The case study: Department of Environment Regional Fleet Management System (RFMS)
The (hypothetical) Department of Environment (DE) is responsible for looking after reserves, parks and national forests at a state level. It has field workers that go out into the field to check on the health of ecosystems, and uses contractors to do site assessments in specific cases and write reports for government. The DE also employs contract gardeners to look after the parks. There are also several office and administrative staff.
When DE staff members go out into the field (or on other official business) they use departmental vehicles, which need to be booked in and out. Until recently, this system worked from a ledger and Excel spreadsheet held by the car pool manager, but the department and its fleet of vehicles has grown in size and this is no longer practical. The DE is therefore embarking on a systems development project to produce a new vehicle booking system.
The new system will need to keep track of the vehicles, the staff members who are allowed to drive them, and all vehicle bookings. There are also various reporting requirements.
The DE maintains a small fleet of vehicles, of three different types: sedans, 4WDs and small trucks. For consistency, they try to buy several vehicles of the same type at a time, and retire them all at the same time. Information kept about the type is the marque, model, vehicle type, year, suitability for purposes, and capacity; while information about the individual vehicle includes engine, chassis and plate number, purchase date, date last serviced, and date next service is due.
Basic information kept about all drivers is name, home address, telephone number and driver’s license number and class. For field workers, additional information is field station address and telephone number. For contract staff, the employment contract number and duration are maintained. For office workers, information recorded is section and supervisor.
There are restrictions on which vehicles different staff members can drive. The DE specifies that particular types of vehicles can only be used by particular types of staff. Office workers can only take out sedans, not 4WDs or trucks. Field workers are the only ones who can take out 4WDs, and only gardeners can take out trucks. Of course, the staff member must also hold a driver’s license appropriate to the vehicle: Class C licenses permit driving the sedans and 4WDs, but a class LR license is required to drive trucks.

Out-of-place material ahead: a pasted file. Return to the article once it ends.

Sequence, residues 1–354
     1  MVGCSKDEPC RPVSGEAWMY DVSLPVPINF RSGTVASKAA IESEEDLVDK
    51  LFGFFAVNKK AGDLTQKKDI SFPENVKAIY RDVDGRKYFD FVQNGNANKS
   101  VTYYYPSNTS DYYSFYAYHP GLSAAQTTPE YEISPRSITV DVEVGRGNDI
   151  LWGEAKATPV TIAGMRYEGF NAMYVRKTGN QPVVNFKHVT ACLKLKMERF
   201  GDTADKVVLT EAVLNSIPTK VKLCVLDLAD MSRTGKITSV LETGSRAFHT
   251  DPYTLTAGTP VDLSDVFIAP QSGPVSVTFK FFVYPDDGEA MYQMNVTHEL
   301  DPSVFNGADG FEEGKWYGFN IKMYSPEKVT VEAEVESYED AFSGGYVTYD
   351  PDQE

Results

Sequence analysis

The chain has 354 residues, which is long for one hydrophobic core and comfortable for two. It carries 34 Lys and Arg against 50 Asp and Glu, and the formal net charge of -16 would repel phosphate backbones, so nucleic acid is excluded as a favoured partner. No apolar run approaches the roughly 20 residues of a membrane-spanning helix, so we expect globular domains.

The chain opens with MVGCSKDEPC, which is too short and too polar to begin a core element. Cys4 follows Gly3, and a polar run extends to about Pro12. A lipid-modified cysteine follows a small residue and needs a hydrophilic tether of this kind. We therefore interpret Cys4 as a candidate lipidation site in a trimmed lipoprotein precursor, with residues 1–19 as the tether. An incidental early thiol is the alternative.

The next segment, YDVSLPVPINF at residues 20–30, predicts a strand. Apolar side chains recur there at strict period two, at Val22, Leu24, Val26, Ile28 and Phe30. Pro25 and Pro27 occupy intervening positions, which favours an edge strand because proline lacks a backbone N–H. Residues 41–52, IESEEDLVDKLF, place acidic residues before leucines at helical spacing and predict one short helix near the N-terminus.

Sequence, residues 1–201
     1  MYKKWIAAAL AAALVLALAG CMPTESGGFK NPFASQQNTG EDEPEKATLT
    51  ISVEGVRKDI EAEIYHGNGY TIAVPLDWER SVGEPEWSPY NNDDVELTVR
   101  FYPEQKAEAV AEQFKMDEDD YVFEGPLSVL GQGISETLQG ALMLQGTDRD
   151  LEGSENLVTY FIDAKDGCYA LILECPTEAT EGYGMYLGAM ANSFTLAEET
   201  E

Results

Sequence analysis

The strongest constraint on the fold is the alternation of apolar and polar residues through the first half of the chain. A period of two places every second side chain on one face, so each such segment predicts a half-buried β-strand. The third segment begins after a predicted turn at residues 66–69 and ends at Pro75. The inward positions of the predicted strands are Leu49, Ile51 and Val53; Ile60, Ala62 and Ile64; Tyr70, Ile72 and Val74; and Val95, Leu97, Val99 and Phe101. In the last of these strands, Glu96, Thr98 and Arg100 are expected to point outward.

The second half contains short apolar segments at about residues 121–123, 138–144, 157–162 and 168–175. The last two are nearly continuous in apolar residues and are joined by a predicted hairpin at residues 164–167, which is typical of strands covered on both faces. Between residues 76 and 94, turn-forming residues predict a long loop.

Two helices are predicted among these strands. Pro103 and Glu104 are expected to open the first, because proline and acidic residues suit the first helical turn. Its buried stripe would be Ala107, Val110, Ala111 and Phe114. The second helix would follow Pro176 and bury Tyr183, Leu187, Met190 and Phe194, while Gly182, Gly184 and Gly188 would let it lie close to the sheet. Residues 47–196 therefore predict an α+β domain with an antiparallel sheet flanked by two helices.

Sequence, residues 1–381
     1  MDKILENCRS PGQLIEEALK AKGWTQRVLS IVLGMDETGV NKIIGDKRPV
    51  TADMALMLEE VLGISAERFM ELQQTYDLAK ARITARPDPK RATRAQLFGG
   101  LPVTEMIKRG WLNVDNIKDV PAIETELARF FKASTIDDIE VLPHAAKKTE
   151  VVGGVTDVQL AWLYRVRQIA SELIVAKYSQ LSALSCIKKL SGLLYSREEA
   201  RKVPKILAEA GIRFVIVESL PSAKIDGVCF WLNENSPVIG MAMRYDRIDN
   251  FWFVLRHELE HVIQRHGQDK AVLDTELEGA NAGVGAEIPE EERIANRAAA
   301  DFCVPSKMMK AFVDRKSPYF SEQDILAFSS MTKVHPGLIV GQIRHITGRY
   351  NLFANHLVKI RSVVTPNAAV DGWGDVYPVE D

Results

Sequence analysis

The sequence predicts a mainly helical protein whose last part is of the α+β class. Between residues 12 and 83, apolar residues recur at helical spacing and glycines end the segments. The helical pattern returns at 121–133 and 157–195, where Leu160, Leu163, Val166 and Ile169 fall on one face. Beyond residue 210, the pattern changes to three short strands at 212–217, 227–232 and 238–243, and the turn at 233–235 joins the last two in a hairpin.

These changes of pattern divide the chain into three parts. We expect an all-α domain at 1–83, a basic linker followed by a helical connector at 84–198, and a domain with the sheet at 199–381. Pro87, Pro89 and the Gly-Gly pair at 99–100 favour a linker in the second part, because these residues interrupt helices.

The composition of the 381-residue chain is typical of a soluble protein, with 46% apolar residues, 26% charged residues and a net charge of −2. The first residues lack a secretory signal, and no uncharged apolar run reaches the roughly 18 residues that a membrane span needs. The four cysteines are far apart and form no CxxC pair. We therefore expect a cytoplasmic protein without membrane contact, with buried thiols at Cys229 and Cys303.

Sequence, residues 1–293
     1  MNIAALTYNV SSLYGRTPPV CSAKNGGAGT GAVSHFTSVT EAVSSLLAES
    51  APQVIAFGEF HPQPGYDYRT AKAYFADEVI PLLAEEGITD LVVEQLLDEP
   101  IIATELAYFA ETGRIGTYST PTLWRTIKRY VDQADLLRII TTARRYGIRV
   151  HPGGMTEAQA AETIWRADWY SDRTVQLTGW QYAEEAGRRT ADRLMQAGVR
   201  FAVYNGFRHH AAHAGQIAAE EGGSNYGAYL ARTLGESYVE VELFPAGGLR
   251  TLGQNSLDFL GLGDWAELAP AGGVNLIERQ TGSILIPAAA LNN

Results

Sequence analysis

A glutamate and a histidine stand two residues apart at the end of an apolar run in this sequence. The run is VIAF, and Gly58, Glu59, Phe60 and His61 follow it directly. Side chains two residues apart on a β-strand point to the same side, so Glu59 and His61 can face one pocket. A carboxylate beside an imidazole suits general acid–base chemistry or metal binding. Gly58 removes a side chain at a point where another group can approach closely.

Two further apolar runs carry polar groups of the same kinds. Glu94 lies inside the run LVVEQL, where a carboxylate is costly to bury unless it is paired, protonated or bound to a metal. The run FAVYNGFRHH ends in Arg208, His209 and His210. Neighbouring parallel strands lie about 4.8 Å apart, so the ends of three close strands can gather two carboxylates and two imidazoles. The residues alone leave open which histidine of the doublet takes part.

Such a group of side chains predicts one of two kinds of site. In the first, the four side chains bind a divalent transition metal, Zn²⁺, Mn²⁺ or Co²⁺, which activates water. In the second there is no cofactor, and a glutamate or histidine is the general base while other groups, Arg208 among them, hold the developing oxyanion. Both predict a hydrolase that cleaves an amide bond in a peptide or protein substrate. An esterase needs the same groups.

The new system must keep track of where all the vehicles are (whether parked in the DE garage or out with a staff member), and (if out) the date and time due back in.
No vehicle can be driven away from the DE garage without being checked out through the system. Drivers have access to the car pool system to see whether a suitable vehicle is available for when they need it. The staff member books the vehicle for the required duration (assuming there are no other bookings for it during that time), and then takes it from the garage. When drivers return vehicles to the garage, the car pool manager records the check-in. He also examines and records the vehicle condition on return, with a view to barring bad or inconsiderate drivers.
1. Create a domain model class diagram for the RFMS, including all classes, attributes, associations, and multiplicity. Show association classes and generalization hierarchies where appropriate.
2. Develop a design class diagram for the relevant part of your domain class diagram
The departmental administrative officer maintains service rosters so cars are given regular services. After five years cars are put up for auction and new ones purchased. Generally vehicles are replaced with new ones of the same type. If individual vehicles get damaged or destroyed before the five years are up, they are removed from the fleet. However, all information about previous vehicle usage is kept in the system.
The administrative officer also needs to use the new system to see whether any particular vehicle is in the garage, out on a booking, or being serviced. The DE does not want to use GPS tracking, for various reasons (not provided). The admin officer also needs to view weekly and monthly reports of vehicle usage. Incident reports are needed if there is an accident or other unusual situation. Annual asset reports on vehicle usage/condition are also required by the Federal Government.
The Department of Environment is concerned that the new system must provide an efficient and easy to use service to their drivers, to save the car pool manager having his time used up on enquiries. As many of the system’s functions (e.g. searching, reservations) will be available remotely they also have concerns about security.